Sovereign’s Chain comes complete with two serviceable decks of cards. The first is your main stack of suited cards that you’ll be using to craft your chains. A second, thinner stack is for the Event cards. These cards alter the game state and usually trigger an effect at the end of each turn.
Additionally, the game includes three different types of thick cardboard tokens:
- Suit: These double-sided tokens denote suits, since certain cards don’t have an initially-defined suit. If a suit of a card changes due to another card, these are used for those as well.
- Modifier: If a card changes the face-value of another card, these tokens can indicate a +1 or a -1 to whatever card they’re placed on.
- Shield: These helpful little tokens will prevent cards from being targeted by other cards and effects. It’s Hexproof!
My biggest qualm is that I wish the storage was a bit better. As it stands, you have the two decks of cards sharing a partitioned space with a pile of tokens. Using a couple small bags will do wonders to keep things organized.
Can I just add that I LOVE punching out cardboard circles? Therapeutic doesn’t even begin to describe the serenity it grants.
Luck plays more of a role in the solo variant, although it’s still definitely present in the main game. You’re drawing a bunch of cards – what else would you expect?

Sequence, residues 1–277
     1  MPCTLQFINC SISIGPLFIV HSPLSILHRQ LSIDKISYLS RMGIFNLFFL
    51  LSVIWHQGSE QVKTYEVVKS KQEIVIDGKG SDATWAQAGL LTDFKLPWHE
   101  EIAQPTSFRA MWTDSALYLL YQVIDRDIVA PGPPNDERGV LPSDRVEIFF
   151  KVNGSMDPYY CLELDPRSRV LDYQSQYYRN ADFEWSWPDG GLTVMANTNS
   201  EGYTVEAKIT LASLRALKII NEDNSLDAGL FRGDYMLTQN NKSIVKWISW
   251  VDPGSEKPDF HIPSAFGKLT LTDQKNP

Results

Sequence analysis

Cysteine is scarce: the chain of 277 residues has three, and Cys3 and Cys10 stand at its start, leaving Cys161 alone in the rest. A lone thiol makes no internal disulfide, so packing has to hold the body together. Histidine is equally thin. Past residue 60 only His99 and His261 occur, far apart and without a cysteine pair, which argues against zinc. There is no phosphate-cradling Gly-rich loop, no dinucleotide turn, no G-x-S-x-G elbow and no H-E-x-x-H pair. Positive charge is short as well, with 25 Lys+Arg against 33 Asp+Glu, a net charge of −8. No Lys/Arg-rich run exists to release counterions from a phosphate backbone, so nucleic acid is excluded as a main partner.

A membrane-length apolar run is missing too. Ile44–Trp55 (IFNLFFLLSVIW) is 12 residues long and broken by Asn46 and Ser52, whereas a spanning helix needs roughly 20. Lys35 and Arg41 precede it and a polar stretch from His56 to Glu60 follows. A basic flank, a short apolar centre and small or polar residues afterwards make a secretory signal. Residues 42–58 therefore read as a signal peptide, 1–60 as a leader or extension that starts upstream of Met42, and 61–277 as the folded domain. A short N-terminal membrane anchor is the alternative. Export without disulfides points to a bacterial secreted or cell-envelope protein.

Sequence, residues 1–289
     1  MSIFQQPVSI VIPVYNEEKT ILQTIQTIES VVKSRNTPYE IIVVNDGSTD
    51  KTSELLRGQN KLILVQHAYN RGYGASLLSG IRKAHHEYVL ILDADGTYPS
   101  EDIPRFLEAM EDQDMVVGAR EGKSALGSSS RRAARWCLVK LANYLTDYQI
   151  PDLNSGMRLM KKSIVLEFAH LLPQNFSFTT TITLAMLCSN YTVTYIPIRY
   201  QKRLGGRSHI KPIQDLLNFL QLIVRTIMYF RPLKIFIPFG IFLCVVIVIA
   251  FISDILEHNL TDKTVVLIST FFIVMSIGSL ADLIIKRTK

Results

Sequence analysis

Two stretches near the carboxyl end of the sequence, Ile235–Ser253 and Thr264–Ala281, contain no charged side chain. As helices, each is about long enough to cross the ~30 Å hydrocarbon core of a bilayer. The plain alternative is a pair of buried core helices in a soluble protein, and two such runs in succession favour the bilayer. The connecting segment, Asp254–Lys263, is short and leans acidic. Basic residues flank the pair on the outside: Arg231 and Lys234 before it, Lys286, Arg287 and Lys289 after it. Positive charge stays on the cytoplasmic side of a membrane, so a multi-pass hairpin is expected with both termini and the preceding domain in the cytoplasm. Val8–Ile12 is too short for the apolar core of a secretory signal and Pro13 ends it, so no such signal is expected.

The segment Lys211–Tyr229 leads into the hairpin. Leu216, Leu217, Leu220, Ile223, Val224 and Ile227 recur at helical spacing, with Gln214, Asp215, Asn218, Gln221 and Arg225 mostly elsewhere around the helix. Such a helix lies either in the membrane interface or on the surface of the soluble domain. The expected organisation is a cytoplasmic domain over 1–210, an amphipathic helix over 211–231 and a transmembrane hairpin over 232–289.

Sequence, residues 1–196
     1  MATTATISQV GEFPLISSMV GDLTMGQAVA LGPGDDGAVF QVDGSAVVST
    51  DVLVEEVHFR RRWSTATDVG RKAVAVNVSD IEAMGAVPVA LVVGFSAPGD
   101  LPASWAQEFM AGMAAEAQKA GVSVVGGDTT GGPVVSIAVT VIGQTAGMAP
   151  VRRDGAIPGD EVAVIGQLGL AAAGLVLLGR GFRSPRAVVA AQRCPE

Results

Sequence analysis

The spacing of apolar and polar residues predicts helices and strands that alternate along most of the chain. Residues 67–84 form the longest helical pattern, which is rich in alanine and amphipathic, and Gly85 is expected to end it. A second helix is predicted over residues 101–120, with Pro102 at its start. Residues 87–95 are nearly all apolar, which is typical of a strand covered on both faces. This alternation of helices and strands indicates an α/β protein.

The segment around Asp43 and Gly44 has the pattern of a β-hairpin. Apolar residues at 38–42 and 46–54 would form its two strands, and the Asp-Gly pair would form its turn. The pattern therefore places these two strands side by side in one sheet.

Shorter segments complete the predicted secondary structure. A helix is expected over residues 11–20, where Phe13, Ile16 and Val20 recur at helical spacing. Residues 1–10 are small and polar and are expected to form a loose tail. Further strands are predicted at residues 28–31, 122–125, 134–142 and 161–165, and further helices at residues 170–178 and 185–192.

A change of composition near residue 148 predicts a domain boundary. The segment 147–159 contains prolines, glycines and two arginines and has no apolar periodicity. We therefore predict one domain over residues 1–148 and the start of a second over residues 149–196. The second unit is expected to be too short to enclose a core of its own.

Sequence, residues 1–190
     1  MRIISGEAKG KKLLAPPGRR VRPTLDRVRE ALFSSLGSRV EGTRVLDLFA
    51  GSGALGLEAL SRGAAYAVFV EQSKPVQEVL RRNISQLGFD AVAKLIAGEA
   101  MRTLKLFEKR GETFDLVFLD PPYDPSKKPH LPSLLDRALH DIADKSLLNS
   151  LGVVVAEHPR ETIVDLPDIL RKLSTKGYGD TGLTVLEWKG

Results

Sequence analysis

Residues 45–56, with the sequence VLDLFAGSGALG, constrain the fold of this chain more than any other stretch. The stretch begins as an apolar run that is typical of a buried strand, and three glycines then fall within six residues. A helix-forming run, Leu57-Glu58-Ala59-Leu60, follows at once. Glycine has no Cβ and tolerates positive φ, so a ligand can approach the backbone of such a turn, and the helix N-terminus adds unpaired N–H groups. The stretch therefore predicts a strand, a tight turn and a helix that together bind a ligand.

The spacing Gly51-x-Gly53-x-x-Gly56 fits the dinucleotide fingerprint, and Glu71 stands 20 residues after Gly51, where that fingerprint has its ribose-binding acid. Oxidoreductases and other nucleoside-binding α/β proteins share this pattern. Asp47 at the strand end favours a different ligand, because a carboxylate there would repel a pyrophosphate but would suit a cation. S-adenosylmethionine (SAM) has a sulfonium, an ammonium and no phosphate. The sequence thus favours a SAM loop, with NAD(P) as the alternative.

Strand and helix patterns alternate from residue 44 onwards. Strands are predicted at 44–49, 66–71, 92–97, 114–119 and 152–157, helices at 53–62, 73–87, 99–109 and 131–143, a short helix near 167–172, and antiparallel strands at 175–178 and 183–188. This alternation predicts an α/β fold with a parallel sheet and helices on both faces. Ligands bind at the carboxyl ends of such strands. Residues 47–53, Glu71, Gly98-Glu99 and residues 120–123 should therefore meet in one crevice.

For those of you that don’t care much for luck in your games, don’t let that drive you away. The fact of the matter is that there are only two suits in the game, so you’re never truly locked into a strategy. Especially since your opponents might start playing high-value cards of an opposite suit on your chain, which means you can just switch over to that suit. It nullifies their entire strategy!
Sure, there might be instances where you aren’t drawing anything you need, but at some point your opponents will experience the same woes. It’s just a part of the game, and it works well.
Box art needs to grab your attention and pull you in. Books don’t necessarily need that, but it certainly helps to have a catchy cover. When it comes to Sovereign’s Chain, you’re talking about a game with a fairly-loose theme, so how is the presentation?
For a “generic” space game, WizKids nailed it. The box is thick and has an appealing amount of metallic texture accenting the planetary rings and stars. Who are those two figures in the shadows and what kind of shadowy dealings are being dealt?
The card art is striking, pronounced, and really helps give a feel for what each of the characters is capable of. Card layout is especially important in games using that component as a flagship, and these ones are cohesive and intuitive.